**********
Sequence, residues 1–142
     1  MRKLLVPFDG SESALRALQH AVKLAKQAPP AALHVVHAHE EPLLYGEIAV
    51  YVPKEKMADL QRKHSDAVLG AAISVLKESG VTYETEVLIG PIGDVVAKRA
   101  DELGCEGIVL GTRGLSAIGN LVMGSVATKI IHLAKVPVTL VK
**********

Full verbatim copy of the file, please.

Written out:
Sequence, residues 1–142
     1  MRKLLVPFDG SESALRALQH AVKLAKQAPP AALHVVHAHE EPLLYGEIAV
    51  YVPKEKMADL QRKHSDAVLG AAISVLKESG VTYETEVLIG PIGDVVAKRA
   101  DELGCEGIVL GTRGLSAIGN LVMGSVATKI IHLAKVPVTL VK